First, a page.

Finally, there’s evidence that whisky is good for the world.
Scientists have figured out a way to convert waste from whisky distilleries into biofuel to power cars and trucks, according to the creators of Celtic Renewables, a new startup that’s trying to commercialize the process.
Unlike regular biofuel producers, Celtic Renewables doesn’t use corn or other crops, the company’s CEO Mark Simmers tells CBS. That’s helped it dodge critics of the industry who call out similar companies for using farmland in poor nations to produce biofuel, CBS reports.
Tullibardine Distillery, an independent whisky producer in Scotland, has agreed to give its leftovers to Celtic Renewables for free, the BBC reports. “It takes a cost to us and turns it into something that has social as well as commercial value,” Douglas Ross, managing director of Tullibardine, tells the BBC.
Celtic's technology may lead to Scotland's 100-plus distilleries feeding a 60-million-pound (roughly $100 million) industry, Reuters reports. The company will reportedly settle on the site of its new processing plant by the middle of next year, with plans to tap nearby whisky distilleries for their waste.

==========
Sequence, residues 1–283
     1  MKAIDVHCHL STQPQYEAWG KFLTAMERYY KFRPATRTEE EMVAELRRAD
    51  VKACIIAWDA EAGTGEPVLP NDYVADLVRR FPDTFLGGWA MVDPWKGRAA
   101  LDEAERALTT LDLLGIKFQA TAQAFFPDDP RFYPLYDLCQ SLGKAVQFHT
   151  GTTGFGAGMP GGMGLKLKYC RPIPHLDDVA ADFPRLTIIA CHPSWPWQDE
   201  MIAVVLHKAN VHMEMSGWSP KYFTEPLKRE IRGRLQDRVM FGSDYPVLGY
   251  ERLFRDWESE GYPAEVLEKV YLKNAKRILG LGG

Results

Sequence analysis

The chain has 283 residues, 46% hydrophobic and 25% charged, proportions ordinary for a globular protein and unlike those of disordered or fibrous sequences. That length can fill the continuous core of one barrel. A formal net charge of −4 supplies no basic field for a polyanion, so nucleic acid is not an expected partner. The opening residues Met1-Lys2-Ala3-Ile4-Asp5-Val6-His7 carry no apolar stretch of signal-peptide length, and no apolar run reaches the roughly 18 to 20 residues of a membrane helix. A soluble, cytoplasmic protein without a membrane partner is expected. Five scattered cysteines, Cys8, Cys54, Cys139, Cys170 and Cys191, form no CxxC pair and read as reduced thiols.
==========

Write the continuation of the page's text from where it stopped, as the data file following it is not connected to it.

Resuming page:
One-year-old Celtic Renewables tells CBS that its product can be used in any unmodified vehicle on the road, unlike other types of biofuel, which drivers can only use in modified vehicles.
Simmers isn’t the only entrepreneur who’s trying to use food to make the world a greener place. Andras Forgacs, the co-founder of Modern Meadow, announced his company's plans earlier this year to produce 3D bioprinted cuts of meat for human consumption. Producing meat “in vitro,” the startup said, is far less damaging to the environment than conventional methods of meat production.